Shabbat, Shalem, and Shalom

Image: A sunset. (annca/Pixabay)

The meaning of the Sabbath is to celebrate time rather than space. Six days a week we live under the tyranny of things of space; on the Sabbath we try to become attuned to holiness in time. It is a day on which we are called upon to share in what is eternal in time, to turn from the results of creation to the mystery of creation, from the world of creation to the creation of the world… – The Sabbath, p. 10, by Abraham Joshua Heschel

Rabbi Heschel sets up a dichotomy: “the tyranny of things of space” versus “holiness in time.”  The former is a straightforward concept: we work during the week to fulfill our needs for survival: food, water, clothing for warmth, a place to rest, safety, etc. If we are fortunate, our labors move us up Maslow’s hierarchy of needs to less basic needs, to things such as a sense of belonging and esteem: a place in the community, and a sense of worth. Maslow caps his pyramid with “self-actualization,” which he described as the human need to become the most that one can be. All of these things are centered on the self, and they are indeed good and necessary things. We cannot continue to live without meeting our most basic needs, and a life with only minimal survival needs met is a hard life.

However, a Jew seeks more, to be “attuned to holiness in time.” This means that on one day a week, we stop our constant striving and instead, we listen. Instead of making and doing, we pause and reflect. Holiness in time is not about survival. Rather it is the wellspring of shalem and shalom, wholeness and peace, two words from a single root.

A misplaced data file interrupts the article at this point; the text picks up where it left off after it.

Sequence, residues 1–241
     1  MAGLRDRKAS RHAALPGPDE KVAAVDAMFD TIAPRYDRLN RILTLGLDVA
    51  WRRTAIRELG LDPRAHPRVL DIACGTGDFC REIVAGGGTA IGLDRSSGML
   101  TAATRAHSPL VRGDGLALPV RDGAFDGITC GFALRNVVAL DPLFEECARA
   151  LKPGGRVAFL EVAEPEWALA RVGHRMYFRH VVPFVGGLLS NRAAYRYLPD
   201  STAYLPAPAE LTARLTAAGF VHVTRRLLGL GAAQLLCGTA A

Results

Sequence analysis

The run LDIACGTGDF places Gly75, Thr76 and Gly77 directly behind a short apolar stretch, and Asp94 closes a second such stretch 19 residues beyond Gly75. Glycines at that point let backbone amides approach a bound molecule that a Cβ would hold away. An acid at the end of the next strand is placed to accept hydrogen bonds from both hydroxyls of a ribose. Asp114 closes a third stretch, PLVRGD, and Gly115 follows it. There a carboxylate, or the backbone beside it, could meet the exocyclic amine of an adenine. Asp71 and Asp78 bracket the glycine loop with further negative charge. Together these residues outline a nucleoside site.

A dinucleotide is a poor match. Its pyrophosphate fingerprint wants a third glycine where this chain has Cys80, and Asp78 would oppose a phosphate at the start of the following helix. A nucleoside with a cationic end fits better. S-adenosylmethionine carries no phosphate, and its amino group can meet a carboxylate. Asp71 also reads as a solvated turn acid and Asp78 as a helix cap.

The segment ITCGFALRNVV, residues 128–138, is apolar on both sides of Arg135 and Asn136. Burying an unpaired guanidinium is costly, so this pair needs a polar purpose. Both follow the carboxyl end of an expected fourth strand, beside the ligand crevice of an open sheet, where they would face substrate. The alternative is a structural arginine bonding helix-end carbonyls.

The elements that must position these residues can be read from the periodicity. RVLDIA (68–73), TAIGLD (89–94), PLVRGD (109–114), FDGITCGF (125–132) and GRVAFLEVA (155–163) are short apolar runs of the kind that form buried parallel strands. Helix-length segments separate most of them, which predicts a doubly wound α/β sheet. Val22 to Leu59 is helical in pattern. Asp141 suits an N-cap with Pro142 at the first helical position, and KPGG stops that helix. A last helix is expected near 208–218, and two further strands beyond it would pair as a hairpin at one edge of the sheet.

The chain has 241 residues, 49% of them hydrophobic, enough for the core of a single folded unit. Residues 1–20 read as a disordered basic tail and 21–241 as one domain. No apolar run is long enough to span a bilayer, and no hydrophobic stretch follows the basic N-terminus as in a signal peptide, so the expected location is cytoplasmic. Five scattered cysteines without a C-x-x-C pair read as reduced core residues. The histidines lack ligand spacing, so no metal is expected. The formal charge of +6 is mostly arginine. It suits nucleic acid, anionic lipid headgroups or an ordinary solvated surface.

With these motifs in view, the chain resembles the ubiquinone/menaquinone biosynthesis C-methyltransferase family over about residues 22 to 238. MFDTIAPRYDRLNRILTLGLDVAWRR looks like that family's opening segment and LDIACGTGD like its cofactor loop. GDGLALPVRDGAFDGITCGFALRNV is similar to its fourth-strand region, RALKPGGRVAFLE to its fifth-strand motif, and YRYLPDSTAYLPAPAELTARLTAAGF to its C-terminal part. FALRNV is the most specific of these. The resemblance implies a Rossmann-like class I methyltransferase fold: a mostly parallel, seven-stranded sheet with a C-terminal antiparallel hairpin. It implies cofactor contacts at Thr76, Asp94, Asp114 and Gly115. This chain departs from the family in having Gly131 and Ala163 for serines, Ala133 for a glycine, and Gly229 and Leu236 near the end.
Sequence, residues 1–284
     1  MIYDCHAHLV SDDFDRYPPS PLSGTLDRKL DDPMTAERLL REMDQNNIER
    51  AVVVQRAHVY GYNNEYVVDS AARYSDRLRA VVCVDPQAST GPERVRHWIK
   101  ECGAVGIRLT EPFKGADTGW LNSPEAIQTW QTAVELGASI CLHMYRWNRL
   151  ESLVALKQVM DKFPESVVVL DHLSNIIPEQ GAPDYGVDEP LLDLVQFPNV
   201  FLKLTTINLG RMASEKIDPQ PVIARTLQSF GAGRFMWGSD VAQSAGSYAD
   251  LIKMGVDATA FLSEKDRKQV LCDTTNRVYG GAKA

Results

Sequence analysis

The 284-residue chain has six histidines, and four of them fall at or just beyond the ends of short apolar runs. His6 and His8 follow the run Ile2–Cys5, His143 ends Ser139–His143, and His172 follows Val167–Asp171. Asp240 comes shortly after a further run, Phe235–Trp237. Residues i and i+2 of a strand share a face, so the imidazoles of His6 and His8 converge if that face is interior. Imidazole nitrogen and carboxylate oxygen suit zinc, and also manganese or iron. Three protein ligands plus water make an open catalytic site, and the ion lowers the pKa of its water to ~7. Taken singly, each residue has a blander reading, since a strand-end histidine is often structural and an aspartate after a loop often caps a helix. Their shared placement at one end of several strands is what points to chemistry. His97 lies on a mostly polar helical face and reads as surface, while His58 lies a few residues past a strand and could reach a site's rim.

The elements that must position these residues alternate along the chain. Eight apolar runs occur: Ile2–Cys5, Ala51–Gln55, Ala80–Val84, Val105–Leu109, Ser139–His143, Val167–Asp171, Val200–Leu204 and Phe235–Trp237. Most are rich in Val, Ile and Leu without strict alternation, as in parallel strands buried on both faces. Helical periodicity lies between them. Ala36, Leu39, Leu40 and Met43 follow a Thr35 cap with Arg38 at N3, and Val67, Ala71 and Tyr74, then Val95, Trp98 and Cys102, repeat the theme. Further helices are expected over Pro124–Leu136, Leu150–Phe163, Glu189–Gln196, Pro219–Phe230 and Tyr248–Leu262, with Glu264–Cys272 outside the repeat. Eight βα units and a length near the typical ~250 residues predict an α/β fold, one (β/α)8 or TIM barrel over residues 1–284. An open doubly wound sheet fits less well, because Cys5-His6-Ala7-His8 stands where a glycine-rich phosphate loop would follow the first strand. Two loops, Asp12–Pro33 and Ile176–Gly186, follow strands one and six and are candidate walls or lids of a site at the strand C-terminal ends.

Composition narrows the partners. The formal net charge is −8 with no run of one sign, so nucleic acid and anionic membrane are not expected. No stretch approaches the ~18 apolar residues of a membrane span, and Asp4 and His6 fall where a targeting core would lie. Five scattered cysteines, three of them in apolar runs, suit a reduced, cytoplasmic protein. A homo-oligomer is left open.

We cannot acquire wholeness or peace. They are not commodities to be bought and sold, made or manufactured. Instead we discover them, and they discover us. In this case, “discover” is truly dis-cover, to un-cover, for once we find them, we know that wholeness and peace, shalem and shalom, were there all along.

This Shabbat, let us open our hearts to peace and wholeness. Allow for  the possibility that shalem and shalom already exist within us, only we have been too busy to perceive them. Once the busy-ness has ceased, once the yammer of news and entertainment have stopped, once our striving for food and shelter and diversion has paused, the truth of creation will open before us.

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Rabbi Ruth Adar is a teaching rabbi in San Leandro, CA. She has many hats: rabbi, granny, and ham radio operator K6RAV. She blogs at and teaches at Jewish Gateways in Albany, CA.

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